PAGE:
The year 2019 has been a roller coaster ride for both global and domestic markets, driven by the divergence in economic data and the performance of the markets.
Globally, markets have been concerned about Brexit and its impact on the Euro Zone, and the US-China trade tensions. Global trade was significantly impacted by both these events. Hence, the IMF forecasts global GDP growth at 3 per cent in 2019, down from 3.6 per cent in 2018.
Central Banks loosen up
However, global central banks turned accommodative, with the US Fed cutting rates thrice and the ECB once in 2019 apart from reversing its balance sheet tightening program. This increase in liquidity caused money to flow into riskier assets, thus supporting the global equity rally in 2019. On the other hand, bond yields in certain parts of the world have fallen to the negative territory. Currently, more than $15tn worth of bonds are selling at a negative yield globally.
In India, after the IL&FS default in September 2018, most non-banking finance corporations (NBFCs) found it difficult to raise capital in 2019. Thus, they had to either offload their existing assets or reduce their lending book, or in some cases, both. This led to a significant credit squeeze in the system. This, along with decline in consumer demand in India and manufacturing slowdown caused India’s GDP growth to decline to 4.7 per cent in Q2FY20, the slowest growth in the last six years.
Even as the GDP growth slowed down, the Nifty Index touched fresh all-time highs in 2019. The rally was led by a handful of index heavyweight companies where earnings growth continues to remain relatively robust. However, if one looks at the broader market, the story is different. Year-to-date, while the Nifty is up 11.8 per cent, the midcap index is down 5.2 per cent, while the small-cap index has declined 11.8 per cent. Midcaps have corrected by nearly 20 per cent from their highs of early 2018 and small-caps have fallen in excess of 37 per cent, even as the Nifty is up more than 15 per cent during the same period.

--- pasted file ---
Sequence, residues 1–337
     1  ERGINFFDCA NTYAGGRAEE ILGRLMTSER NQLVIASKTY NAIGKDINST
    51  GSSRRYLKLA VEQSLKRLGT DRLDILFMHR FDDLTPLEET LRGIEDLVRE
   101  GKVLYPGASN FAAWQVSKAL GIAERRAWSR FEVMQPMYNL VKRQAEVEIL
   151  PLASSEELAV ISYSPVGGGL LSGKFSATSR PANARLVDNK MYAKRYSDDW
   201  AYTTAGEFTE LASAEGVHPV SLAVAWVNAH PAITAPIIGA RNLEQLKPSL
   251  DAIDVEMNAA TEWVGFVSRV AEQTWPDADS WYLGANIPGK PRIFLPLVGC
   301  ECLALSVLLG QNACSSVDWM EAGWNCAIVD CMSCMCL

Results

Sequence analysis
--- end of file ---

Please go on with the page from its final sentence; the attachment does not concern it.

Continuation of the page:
NBFC crisis impacts the fixed income market
The ripple effect of the IL&FS default was also seen on the Indian fixed income market. Weaker NBFCs that found it difficult to raise money in 2019 were downgraded and a few of them even defaulted. Additionally, companies in which the promoter had pledged equity to invest in other businesses also faced concerns with many either defaulting or being downgraded. Thus, many credit risk mutual funds that had exposure to these entities suffered badly this year.
The Reserve Bank of India (RBI) also reduced its rates by 135bps in 2019, in line with other global central banks. This led to a fall in the 10-year Indian government bond yields from 7.4 per cent at the start of the year to 6.8 per cent currently. However, the translation of lower interest rate into lower lending rates has been relatively slow so far.
Looking ahead into 2020, we see some positive developments. The Boris Johnson led Conservative Party won a clear majority in the recently concluded UK elections. This should provide clarity on the roadmap to Brexit. It appears that the US and China are also making some progress towards a trade deal. With US presidential elections due in 2020, President Trump might want to push for a trade deal. This could provide a positive trigger for global equities.
Domestically, the government has taken some measures to get the economy firing again. The Union budget in 2020 would be closely watched, as expectations are high. If the budget fails to deliver, there could be a significant sell-off in the markets. We have seen earnings disappoint for many quarters now. Given the high valuations of Indian equities, a disappointment in earnings in 2020 would be a major negative for the market.
Gold was a good tactical bet at the start of the year. It made fresh all-time highs and rose by more than 20 per cent this year, led by increased global volatility as money moved to “safe-haven” assets. With volatility in global markets declining and fall in ETF gold holdings, we believe gold prices could remain range-bound in the coming year.
Overall, with overpriced markets, weak corporate earnings & economic data, there is reduced margin of safety. The market gets its adrenaline by the surge of liquidity provided by global market participants hunting for yields. Much would depend on the direction of economic reform agenda to revive investment and boost the confidence of Corporate India. Some of these positive triggers would revive the breadth of the market and ensure participation across Market capitalisation.(The writer is the Head of Products & Solutions, Sanctum Wealth Management)